Wed 15 May 19
Award-winning BBC journalist Kavita Puri will tell the previously-untold stories of those who lived through the partition of India 70 years ago at a public event this month.
Inspired by her father’s own experiences, Kavita’s landmark three-part series Partition Voices, for BBC Radio 4, has created, for the first time, an oral history of the end of the British Empire and the difficult birth of two nations, India and Pakistan.
She will discuss the project and the lives of those affected by partition - many of whom are now part of the fabric of British contemporary life - in conversation with the Head of the Department of History, Dr Mark Frost, on Thursday 23 May, 5pm-7pm.
‘Memories of Partition and Migration’ is open to all and free to attend. It is the second annual public history debate hosted by the Department after the inaugural debate, in 2018, which welcomed BBC journalist Clive Myrie who discussed the US Presidency.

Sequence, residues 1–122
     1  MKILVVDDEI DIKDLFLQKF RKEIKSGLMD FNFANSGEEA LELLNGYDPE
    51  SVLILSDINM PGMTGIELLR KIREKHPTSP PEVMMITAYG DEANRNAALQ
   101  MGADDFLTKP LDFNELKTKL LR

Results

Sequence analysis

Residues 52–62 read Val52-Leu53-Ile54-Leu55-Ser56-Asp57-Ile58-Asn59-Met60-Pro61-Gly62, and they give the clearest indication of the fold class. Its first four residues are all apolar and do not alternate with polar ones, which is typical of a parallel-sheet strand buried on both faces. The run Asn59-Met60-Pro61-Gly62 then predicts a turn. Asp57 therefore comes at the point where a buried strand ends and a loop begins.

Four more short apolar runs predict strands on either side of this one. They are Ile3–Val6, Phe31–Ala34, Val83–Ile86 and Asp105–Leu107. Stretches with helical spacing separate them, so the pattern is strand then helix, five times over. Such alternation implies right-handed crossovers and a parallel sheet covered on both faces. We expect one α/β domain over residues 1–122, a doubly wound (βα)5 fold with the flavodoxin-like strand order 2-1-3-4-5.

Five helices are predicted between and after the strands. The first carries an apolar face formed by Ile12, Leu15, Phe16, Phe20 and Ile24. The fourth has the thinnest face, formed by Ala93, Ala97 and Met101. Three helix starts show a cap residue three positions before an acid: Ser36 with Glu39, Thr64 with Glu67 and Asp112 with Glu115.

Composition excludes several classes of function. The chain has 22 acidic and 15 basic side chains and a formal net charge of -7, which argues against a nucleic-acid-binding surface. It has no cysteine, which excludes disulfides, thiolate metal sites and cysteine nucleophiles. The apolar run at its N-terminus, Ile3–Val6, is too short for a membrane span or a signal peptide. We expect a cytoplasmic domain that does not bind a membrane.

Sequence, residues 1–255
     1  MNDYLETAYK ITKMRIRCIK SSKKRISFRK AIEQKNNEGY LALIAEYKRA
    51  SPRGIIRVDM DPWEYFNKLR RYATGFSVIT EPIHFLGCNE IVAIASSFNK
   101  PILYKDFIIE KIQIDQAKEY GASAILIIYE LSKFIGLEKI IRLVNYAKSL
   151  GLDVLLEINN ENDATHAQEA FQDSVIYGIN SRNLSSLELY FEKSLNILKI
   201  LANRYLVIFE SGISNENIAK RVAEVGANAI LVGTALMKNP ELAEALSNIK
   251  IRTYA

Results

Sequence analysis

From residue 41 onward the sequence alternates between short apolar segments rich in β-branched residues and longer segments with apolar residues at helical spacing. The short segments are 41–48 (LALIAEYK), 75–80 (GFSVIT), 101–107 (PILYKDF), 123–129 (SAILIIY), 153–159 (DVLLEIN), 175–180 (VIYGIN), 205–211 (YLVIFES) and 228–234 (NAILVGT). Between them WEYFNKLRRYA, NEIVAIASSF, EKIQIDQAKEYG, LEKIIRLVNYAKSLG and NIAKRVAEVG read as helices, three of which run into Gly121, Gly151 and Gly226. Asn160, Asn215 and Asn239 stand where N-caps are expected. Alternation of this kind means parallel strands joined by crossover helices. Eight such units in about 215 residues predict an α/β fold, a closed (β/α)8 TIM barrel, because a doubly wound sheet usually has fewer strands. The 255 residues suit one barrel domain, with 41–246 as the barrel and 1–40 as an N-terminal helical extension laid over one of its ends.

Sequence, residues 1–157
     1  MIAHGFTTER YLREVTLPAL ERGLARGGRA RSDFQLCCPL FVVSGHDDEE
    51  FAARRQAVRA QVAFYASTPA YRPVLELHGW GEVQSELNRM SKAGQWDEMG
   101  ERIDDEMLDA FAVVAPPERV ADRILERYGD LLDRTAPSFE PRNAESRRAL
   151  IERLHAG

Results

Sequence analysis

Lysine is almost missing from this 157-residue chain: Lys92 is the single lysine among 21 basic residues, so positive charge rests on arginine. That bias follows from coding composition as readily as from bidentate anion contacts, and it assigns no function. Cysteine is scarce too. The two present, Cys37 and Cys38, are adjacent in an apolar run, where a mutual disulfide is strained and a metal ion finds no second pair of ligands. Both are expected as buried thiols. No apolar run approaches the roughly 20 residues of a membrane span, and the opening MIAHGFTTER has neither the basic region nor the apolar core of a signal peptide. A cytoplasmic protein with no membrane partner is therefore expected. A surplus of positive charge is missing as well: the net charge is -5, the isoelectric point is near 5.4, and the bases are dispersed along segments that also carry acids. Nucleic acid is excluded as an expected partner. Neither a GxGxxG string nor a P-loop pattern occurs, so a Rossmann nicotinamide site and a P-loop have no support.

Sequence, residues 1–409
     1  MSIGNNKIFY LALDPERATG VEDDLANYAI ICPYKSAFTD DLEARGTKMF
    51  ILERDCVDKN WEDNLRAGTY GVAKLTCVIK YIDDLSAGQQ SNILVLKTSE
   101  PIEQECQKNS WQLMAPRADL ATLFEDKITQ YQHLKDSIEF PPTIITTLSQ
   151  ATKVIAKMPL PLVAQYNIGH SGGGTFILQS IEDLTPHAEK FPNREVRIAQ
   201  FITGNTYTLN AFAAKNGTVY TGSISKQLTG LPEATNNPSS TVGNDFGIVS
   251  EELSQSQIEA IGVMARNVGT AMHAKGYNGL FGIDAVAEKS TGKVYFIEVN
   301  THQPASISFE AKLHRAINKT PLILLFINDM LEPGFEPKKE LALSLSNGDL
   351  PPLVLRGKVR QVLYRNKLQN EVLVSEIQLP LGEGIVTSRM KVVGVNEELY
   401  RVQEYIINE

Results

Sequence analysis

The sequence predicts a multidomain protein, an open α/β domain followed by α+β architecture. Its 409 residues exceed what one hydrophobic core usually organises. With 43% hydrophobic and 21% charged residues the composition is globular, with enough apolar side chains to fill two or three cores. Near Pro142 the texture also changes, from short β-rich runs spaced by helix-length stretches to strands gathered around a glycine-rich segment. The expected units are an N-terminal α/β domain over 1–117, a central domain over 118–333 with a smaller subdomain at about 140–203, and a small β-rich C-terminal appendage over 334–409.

Professor Lucy Noakes, of the Department of History, said: “We are committed to making history accessible and visible to as many people as possible and our public history debates are a great opportunity to hear about the histories and the history making that underpin some of the ways that the past becomes visible, and shapes our lives today.”
Having been shrouded in silence for decades, Partition Voices, gives voice to the millions of Sikhs, Hindus and Muslims caught up in the aftermath of the fall of the British Empire in India. Many of those South Asians who had previously been subjects of the British Raj made their homes in Britain. Determined to preserve these accounts Kavita has recorded a series of first-hand testimonies, revealing the partition’s enduring legacy in Britain today.
Partition Voices has already won the Royal Historical Society's Radio and Podcast Award and its overall Public History Prize. The testimonies are being archived by the British Library Sound Archive and a book, based on the BBC series is due out later this year.
Kavita previously charted the migration of South Asians to post-war Britain in her Radio 4 series, Three Pounds in My Pocket. She works for BBC Current Affairs as Editor of Our World, a foreign affairs documentary programme.